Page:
At least with doing the early week WSJ of March that I figured out the online rig is indeed fixed (5:45 on 03/06). So I’ll have that.

  2. Great challenge today. 53 minutes and 2 cheats later I was able to finish this one. I guess techinically a DNF (can you finish a DNF?). I was able to overcome everything until the NW. Finally had to look up OTTAVA (capital of Canada?) and KUCHEN to get everything else to fall.

    Biggest issue was insisting on “quilt” for “Comforter” instead of DUVET. I figured the q in “Radar pickups” must be part of some acronym. SPEEDS never occured to me duh. Sometimes we over think and overcomplicate these things.

    Glenn I got 23A POESY from reaching way back in my crossword lizard brain and remembering it from some long ago puzzle. That got me EYEDOC which got me 27A EIEIO so if you had gotten either one of those, you probably would have gotten the other.

    80 degrees in Houston yesterday, and tomorrow I’m off to Chicago/Milwaukee for 2 days to 20 degrees and snow. Yikes! Will likely do the puzzle on the plane so will post late.

    Also – Now is as good a time as any to begin my annual “I HATE DST!!!” rant. It’s even worse this year as I have to catch a plane on that Sunday…albeit an afternoon flight. Grrrrr

    Best –

  3. @Jeff
    Yeah, I bounced back between POEMS and PROSE on that one and knew both were not exactly right. Despite all you can do, if you don’t know the word, it’s hard to guess it when you don’t know the crosses (9D, 21D) for certain.

    Onto (more of) the Newsday and as many WSJ as I can get…not much else that could be done today outside of a couple of other indoor projects I could do.

  4. 20:16, no errors. Unusually difficult, I thought, with some very deceptive cluing. I could easily have gotten hung up in any of a dozen places and spent half an hour staring into space, totally stuck, but in each of those places, something came along to bail me out. I’m relieved that others also found it difficult.

  5. A comment on the NYT blog about doing some 400 plus crosswords got me thinking. For years I did the LA Times, which runs in the Chicago Tribune. I did it every night on the El going home. Rarely did I miss one, even on vacation I would do it on line. About a year ago, or more, I started doing the WSJ and the NYT every day as well.
    Adding it all up, I have surely done over 9,000 puzzles. Looking back, I maybe should have saved them, but when would you really have time to review them all.

  6. Finished without any final errors, but lots of strike overs no doubt! I was especially hung up in the NW corner until “petered out” got filled in and then slowly the other crosses came into being.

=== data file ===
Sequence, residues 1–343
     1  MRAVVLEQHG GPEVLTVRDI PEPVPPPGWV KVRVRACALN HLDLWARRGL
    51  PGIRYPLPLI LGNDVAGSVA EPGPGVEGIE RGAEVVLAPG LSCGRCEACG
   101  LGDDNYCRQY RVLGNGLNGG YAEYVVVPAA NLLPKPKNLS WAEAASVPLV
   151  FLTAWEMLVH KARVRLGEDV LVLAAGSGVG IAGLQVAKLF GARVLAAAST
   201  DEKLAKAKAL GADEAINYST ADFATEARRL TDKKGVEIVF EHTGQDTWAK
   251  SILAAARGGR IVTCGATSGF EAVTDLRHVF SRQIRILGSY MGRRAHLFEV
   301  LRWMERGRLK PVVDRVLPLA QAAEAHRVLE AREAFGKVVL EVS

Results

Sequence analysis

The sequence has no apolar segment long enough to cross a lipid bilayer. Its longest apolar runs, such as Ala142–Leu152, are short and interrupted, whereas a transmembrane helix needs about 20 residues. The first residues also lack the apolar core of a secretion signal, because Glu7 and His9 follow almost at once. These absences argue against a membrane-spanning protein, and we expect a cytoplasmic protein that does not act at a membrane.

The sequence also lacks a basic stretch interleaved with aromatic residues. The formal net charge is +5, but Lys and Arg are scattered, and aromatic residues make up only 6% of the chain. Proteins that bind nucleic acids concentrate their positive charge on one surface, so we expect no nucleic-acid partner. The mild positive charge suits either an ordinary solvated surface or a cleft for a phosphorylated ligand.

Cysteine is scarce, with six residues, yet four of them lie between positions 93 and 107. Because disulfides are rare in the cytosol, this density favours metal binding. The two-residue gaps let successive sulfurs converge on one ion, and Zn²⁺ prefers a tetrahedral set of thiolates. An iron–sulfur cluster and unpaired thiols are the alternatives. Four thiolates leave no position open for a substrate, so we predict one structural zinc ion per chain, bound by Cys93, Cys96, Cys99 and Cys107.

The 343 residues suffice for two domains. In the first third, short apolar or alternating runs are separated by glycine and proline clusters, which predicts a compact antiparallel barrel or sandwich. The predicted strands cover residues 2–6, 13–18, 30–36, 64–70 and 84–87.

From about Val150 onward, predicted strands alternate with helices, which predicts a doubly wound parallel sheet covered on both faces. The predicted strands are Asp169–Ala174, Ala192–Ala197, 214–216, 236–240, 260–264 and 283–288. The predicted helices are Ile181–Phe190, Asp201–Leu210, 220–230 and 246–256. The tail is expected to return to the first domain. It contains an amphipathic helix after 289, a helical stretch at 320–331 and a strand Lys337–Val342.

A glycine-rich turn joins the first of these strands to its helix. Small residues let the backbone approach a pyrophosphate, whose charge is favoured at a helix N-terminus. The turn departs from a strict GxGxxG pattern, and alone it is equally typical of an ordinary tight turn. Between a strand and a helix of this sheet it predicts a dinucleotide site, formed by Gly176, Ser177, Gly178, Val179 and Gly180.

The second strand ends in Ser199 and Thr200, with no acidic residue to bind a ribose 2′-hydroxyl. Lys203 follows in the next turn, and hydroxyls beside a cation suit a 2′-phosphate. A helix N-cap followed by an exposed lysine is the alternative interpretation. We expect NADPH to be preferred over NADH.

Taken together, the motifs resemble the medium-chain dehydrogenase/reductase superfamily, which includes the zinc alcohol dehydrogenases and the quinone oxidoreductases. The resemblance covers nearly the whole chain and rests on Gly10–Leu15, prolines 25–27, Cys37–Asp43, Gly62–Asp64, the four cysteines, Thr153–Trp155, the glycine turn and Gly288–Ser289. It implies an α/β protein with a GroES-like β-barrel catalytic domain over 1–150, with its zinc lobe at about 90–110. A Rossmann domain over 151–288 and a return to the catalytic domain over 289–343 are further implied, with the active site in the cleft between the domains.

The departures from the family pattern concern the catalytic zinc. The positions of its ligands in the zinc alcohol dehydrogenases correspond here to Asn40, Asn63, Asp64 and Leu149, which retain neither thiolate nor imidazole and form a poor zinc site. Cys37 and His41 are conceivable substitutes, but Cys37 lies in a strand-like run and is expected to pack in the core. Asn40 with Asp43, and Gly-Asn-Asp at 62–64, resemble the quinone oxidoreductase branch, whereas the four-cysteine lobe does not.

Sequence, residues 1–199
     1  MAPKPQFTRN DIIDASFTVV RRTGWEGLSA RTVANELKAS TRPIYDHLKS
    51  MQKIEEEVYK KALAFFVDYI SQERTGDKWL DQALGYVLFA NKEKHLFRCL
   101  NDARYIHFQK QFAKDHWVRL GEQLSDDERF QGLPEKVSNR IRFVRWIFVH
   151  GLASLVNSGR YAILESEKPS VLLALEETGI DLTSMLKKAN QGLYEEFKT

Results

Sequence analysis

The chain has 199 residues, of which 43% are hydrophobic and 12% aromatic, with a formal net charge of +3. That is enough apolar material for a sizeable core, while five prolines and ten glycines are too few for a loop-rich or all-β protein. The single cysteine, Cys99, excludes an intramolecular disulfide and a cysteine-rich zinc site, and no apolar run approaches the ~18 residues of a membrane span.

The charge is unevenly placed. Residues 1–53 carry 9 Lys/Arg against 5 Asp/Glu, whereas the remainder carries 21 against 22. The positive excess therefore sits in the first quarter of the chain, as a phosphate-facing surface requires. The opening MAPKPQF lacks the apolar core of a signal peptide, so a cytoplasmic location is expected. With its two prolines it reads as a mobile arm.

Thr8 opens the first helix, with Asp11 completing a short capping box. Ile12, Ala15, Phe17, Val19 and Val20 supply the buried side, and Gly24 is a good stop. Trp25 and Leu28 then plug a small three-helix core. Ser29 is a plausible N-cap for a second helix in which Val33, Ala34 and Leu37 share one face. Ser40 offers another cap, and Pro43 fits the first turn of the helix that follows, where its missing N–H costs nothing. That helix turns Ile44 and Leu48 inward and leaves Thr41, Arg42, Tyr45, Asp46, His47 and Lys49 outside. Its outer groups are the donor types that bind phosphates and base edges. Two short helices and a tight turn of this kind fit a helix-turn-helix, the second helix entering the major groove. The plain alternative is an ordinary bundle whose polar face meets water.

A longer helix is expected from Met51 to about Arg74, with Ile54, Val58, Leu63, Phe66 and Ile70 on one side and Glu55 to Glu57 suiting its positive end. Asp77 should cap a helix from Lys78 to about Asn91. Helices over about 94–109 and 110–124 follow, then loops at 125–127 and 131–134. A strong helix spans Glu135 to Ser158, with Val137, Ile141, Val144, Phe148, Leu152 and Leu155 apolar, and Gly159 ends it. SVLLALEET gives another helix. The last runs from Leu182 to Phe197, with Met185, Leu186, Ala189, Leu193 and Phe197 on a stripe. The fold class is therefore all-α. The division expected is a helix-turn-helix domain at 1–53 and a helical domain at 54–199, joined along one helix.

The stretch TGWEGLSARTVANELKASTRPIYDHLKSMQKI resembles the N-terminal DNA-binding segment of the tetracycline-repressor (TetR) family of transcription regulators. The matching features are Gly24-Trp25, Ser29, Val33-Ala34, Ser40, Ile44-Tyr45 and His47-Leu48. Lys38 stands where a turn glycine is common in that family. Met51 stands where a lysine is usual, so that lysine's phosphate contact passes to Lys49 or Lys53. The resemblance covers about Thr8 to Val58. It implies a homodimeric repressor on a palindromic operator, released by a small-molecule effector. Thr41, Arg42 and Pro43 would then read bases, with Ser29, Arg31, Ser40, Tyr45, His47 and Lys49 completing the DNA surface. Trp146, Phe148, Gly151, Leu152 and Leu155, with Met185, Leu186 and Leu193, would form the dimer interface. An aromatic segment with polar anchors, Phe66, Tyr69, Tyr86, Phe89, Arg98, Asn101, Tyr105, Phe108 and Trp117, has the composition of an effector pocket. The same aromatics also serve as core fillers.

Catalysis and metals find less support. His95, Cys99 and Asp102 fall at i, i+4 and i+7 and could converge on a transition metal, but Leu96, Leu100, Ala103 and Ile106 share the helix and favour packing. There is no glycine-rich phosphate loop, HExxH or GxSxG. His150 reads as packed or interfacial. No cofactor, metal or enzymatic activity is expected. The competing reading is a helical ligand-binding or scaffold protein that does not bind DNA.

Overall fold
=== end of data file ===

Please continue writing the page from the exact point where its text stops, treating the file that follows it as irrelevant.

Hope everyone has a good weekend. We will have to see how busy I am at my wife’s store today as it has been really slow lately.

    1. @jean
      It stands for “Did not Finish”, which basically means the grid wasn’t completed without any kind of assistance.

  7. Another relatively decent effort (for me) with the Saturday Newsday…anyway on to see what Sunday brings when it comes.

    @Anon
    FWIW, I kept my first zero error Saturday NYT solve for about a month and then kind of had that thought: Was it really worth keeping? I save puzzles to do (I have all the WSJs back to 2013 or so sitting here) or redo (all the non-paper DNFs I’ve had for the last year or so) and I wonder about that sometimes – whether it would be useful to have them even if I ever got back around to them (I’m sure a “revenge tour” on DNFs would be fun from a certain standpoint). Maybe I’ll run into some inspiration soon.

    1. @Anonymous
      Both are similar responses to someone if you don’t agree to do something. (The phrase in quotes indicates it’s something said, the prompting is to come up with something similar to what is being said)

  8. Well, got the SW completely and parts of the middle and bottom. That’s about it. With Day Light Savings coming I decided to bail. I don’t like turning the clock forward, but I sure enjoy the extra hour of sunlight in the day.

  9. DANG! SHOOT ME NOW!!! One stoopid letter off! And I’m embarrassed to say what it was,but here goes: had MANL instead of MANN. Thought it was some weird writer nickname. I stared at that square FOREVER and just thought “It must be KUCHEL.”

    Had I done just one more wallkaway I would have gotten it. (Walkaway, as in put the puzzle down and just WALK AWAY for ten minutes….!!)

    Hey Anonymous, I also thought “forget it!” was a really weak clue for NO I WON’T.

    Re saving puzzles: I have saved all my completed Saturday LAT grids since last May, when I finally finished one. They’re all on a magnetic clip on the fridge. Maybe I’ll toss them in the recycling bin this May, and start fresh.

    Already with the darn daylight savings time. Shoot. There’s one Sunday every year where I have the initial shock of watching “60 Minutes” when it’s sunny out. That day has arrived….

    I’m sorry Dirk! I know you like DST..But Jeff and Pookie and I are detractors….?
    Sweet dreams~~™☕☕☕

Leave a Reply

Your email address will not be published.